1956 was a watershed year in the political history of India as this was the year when the reorganization of the states commenced thus paving the way for the demands for new/smaller states. A reluctant political leadership, shaken by the simmering tension and violence in different parts of India, had already conceded the demand for a separate Andhra State in 1953. Now after receiving the recommendation of Fazal Ali headed States Reorganization Commission (SRC), which led to the passage of the States Reorganization Act, 1956, the law makers did start conceding the demands for new States on a case-by-case basis subject to the fulfillment of certain criteria like the demand for the proposed State was to be considered only if a) it had a wider support base among the local peoples including the sizable linguistic/cultural minority; b) the proposed State was to be socially and economically viable; c) demand should not be potentially secessionist in nature; d) the basis of the demand should be cultural or linguistic and not communal; e) the creation of the new State was not inimical to the implementation of five-year plans crucial to the then avowed aim of nation building. Significantly, the then government at the Centre did not accept the recommendation of the SRC regarding the creation of the States of Telangana, Jharkhand and Vidarbha and there was a great degree of reluctance to create a Punjabi Suba where both linguistic as well as religious identities gelled together.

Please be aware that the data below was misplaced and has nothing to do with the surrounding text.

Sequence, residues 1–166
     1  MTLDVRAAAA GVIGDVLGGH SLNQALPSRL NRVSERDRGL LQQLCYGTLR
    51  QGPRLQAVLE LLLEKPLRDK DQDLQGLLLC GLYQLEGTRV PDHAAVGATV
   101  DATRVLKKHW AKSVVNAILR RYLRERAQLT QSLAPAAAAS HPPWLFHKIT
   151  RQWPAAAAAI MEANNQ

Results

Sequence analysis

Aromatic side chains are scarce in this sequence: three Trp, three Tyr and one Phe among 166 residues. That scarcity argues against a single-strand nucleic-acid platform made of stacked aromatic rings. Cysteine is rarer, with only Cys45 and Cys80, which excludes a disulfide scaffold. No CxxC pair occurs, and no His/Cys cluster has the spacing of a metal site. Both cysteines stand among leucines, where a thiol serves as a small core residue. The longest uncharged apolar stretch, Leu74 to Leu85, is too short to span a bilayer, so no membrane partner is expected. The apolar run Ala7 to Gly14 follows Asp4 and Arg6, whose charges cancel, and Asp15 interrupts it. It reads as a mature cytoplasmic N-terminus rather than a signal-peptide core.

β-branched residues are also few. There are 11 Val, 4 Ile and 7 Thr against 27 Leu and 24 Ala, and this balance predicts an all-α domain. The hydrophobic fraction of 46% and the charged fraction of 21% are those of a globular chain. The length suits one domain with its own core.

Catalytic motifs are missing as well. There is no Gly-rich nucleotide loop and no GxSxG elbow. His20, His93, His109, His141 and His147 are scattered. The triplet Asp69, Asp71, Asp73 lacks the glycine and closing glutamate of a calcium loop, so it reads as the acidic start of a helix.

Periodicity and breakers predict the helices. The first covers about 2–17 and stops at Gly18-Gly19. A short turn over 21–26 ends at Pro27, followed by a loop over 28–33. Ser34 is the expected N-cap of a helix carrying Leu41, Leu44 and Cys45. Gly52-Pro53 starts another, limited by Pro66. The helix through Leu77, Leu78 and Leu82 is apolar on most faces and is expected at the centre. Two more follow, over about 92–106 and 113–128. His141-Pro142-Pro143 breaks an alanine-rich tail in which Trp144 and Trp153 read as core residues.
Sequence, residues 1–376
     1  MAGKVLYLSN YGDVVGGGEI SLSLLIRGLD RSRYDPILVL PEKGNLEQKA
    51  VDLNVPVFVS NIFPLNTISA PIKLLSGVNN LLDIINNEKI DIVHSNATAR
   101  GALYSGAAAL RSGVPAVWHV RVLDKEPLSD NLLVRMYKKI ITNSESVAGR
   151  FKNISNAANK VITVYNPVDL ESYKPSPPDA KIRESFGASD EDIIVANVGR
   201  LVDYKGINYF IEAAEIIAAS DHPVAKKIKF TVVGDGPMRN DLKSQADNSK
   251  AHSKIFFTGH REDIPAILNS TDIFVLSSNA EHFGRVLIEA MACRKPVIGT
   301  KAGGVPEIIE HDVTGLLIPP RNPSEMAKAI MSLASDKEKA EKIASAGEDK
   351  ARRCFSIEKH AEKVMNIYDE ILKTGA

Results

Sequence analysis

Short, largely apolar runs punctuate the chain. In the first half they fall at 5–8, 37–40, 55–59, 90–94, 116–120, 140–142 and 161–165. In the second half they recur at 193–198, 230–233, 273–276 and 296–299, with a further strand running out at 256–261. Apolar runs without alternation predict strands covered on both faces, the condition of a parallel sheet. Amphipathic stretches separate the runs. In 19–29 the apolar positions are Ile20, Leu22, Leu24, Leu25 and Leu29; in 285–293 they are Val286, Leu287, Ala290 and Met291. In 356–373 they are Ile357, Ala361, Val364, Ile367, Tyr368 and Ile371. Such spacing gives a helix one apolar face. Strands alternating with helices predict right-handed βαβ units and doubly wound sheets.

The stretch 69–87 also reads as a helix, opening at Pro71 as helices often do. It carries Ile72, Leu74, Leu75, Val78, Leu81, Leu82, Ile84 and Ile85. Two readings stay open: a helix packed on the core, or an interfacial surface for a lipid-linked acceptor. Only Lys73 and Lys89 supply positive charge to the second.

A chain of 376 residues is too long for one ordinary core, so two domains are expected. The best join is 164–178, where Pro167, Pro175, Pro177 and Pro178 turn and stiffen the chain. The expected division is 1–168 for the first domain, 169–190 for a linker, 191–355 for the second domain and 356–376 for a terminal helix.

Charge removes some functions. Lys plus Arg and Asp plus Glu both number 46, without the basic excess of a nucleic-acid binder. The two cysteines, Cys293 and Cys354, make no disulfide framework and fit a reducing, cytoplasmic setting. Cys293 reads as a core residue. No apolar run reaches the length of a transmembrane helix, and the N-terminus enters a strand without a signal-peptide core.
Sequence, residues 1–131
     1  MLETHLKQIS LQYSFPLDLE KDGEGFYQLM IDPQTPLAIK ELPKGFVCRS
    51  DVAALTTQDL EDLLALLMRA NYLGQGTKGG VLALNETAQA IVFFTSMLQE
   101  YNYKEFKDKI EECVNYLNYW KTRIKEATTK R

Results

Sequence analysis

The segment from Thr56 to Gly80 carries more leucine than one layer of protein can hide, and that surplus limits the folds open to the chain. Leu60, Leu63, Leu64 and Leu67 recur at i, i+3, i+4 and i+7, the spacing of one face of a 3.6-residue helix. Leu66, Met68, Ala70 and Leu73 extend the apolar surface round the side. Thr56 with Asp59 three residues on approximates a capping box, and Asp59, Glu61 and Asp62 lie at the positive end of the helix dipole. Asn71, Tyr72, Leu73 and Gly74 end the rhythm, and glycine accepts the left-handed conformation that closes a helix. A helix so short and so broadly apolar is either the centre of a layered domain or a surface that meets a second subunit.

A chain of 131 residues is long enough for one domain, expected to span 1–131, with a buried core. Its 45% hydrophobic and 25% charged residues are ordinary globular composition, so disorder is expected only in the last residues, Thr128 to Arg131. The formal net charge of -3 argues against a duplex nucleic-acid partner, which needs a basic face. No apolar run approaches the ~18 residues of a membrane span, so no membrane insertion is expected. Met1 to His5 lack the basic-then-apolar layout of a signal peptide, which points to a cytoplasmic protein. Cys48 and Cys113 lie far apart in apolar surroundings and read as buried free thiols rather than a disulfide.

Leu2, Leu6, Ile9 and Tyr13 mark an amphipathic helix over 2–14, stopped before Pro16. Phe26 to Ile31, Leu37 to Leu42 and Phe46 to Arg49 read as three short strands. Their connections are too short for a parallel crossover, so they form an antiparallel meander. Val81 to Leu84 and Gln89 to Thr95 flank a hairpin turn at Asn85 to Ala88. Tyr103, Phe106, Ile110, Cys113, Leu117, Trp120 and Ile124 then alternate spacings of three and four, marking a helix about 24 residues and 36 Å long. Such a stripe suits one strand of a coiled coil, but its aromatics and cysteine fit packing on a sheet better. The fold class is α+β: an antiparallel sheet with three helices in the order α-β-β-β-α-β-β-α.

January 2015, volume 39, No 1